NEW PALESTINE — Firefighters risk their lives every day and the particles they breathe in put their health and future at risk.
Sugar Creek Township fire chief Brandon Kleine said it's the unknowns that can get firefighters in trouble.
"Twenty years ago when I started on the job, that wouldn't have bothered me. I would have given it no thought," Kleine said while looking at a dirty towel. "But now you never know what smoke particles that came from or what the cause of the dirt was."
Klein uses an ultrasonic cleaner that helps remove carcinogens from his firefighters' masks. The device was recently donated from 1-800-BOARD-UP, a company that provides victim assistance after emergencies.
According to a study from the National Institute for Occupational Safety and Health, compared to the general population in the United States, firefighters face a 9% increase in cancer diagnoses and a 14% increase in cancer-related deaths.
The Firefighter Cancer Registry Act also requires the Centers for Disease Control to develop and maintain a voluntary registry of firefighters to help monitor cancer among those in the profession.
"Our masks are one of the things that carries the most contaminants," Kleine said. "It goes here on our jaw line. It is a place where a lot of soot will settle. It's really good for us to clean these."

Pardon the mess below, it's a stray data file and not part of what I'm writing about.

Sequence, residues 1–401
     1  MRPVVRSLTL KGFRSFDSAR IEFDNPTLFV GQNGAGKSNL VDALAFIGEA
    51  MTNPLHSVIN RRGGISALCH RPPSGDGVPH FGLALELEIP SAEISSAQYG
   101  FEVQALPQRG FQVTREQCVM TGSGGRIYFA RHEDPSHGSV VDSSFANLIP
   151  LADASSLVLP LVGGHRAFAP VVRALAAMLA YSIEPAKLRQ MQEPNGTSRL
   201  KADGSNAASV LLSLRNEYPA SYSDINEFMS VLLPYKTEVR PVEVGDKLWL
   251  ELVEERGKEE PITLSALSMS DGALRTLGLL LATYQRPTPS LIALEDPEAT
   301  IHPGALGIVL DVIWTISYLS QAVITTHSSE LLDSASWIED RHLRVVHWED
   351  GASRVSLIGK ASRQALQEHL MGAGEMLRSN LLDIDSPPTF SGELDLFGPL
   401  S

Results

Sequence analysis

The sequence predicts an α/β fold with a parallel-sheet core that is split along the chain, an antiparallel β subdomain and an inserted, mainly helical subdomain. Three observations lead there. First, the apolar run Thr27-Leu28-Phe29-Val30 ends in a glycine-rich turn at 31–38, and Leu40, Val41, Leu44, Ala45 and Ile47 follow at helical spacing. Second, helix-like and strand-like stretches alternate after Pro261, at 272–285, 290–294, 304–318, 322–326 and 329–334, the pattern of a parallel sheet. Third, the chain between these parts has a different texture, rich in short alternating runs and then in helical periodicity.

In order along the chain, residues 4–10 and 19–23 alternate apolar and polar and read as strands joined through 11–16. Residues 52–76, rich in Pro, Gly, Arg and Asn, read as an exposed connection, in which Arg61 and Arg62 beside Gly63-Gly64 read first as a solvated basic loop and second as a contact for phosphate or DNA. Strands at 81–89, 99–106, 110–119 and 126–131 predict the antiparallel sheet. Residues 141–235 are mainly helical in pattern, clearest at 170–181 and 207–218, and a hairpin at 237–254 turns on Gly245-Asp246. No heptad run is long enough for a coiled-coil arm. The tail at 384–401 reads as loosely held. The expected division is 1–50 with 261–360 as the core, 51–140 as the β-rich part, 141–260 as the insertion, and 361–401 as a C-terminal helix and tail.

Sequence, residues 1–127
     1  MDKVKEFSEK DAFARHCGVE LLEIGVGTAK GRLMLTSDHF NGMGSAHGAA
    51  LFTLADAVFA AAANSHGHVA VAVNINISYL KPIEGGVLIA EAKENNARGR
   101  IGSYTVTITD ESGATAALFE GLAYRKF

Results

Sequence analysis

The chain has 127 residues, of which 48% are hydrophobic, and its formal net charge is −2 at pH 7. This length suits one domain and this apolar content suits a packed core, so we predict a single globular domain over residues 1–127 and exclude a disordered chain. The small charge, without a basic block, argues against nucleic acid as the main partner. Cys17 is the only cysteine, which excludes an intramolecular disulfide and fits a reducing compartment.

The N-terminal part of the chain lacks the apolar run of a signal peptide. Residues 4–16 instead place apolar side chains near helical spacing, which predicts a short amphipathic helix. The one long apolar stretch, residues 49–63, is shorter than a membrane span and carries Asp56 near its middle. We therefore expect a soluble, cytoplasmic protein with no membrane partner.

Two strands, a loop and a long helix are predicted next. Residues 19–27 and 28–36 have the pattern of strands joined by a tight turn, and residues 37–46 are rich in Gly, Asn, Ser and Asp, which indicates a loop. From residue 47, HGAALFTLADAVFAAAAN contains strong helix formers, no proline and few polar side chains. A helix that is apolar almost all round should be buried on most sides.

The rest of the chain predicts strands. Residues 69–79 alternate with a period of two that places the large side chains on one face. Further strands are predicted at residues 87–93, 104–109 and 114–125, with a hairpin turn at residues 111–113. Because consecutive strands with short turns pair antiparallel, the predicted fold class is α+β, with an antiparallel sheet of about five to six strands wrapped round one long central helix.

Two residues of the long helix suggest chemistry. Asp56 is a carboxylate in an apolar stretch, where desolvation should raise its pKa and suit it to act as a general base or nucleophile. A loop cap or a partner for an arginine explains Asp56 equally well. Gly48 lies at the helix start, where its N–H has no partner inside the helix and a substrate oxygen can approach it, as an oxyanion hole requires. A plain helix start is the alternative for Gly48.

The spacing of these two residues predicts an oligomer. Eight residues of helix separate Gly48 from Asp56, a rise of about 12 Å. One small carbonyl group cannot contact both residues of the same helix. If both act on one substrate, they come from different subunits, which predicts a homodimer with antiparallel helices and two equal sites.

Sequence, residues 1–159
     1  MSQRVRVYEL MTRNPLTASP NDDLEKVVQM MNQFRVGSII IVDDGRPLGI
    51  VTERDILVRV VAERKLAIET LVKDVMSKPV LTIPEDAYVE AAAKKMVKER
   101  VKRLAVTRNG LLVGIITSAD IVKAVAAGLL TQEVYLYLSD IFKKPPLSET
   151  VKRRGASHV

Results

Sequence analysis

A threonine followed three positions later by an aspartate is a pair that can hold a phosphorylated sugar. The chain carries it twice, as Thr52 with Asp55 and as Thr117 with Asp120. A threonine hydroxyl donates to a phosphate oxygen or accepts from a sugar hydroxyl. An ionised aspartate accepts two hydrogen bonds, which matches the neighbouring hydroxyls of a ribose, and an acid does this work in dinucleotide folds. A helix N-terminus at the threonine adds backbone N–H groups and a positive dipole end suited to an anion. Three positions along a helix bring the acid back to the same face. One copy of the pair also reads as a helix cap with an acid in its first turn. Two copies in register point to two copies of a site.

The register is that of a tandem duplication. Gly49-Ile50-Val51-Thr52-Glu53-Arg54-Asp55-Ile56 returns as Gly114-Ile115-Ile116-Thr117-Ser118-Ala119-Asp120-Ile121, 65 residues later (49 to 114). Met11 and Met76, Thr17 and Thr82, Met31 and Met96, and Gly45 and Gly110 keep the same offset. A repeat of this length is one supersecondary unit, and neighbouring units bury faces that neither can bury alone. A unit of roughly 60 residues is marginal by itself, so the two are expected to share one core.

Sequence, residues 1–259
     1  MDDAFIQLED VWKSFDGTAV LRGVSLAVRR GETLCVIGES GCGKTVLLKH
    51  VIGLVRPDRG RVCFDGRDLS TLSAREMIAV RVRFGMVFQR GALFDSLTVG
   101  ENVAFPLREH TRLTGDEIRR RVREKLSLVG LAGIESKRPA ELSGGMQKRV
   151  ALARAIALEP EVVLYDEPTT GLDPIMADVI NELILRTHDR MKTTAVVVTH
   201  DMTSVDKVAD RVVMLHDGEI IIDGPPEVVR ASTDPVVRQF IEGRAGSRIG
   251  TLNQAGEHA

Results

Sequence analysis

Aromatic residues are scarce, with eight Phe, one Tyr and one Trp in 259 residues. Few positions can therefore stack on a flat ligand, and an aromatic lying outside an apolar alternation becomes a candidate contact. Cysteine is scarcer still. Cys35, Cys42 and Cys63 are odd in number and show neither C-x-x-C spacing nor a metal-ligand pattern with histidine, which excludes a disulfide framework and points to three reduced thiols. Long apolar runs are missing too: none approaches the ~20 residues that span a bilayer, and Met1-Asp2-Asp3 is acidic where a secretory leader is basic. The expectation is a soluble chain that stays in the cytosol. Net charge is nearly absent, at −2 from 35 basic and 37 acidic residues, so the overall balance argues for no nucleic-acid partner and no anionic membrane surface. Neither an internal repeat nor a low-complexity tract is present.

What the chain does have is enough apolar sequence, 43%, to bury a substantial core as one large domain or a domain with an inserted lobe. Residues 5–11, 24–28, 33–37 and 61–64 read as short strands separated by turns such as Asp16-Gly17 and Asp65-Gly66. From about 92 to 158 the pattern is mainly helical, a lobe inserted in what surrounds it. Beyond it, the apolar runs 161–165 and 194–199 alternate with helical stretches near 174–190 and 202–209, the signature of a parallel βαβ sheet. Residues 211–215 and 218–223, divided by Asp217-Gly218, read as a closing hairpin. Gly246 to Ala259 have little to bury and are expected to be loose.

It's not the only step the department that serves about 20,000 people in Hancock County is taking to clean contaminants from their protective gear. The procedure is called a gross decon. They have a kit on each engine with a hose, scrubs and brushes that are used to scrub off everything on their protective gear before getting back inside the engine.
At the station, firefighters can wash their gear and place it in a gear dryer, a piece of equipment most fire departments don't have.
"Gear used to be washed and dried the following day after a fire," Lt. Tony Bratcher said. "Now we can do it that day and have it back in service in two hours."
Bratcher said a current and former firefighter at the department have both been diagnosed with caner. He said the steps they are taking are important to make the job safer.
"My kid is seven years old. He thinks the sun rises and sets in firefighters," Bratcher said. "Knowing my kid wants to do this job, I think it's paramount to make sure we make these changes now for the next generation."
Grant money is also helping the Sugar Creek Township Fire Department purchase new filtering hoods to better protect firefighters.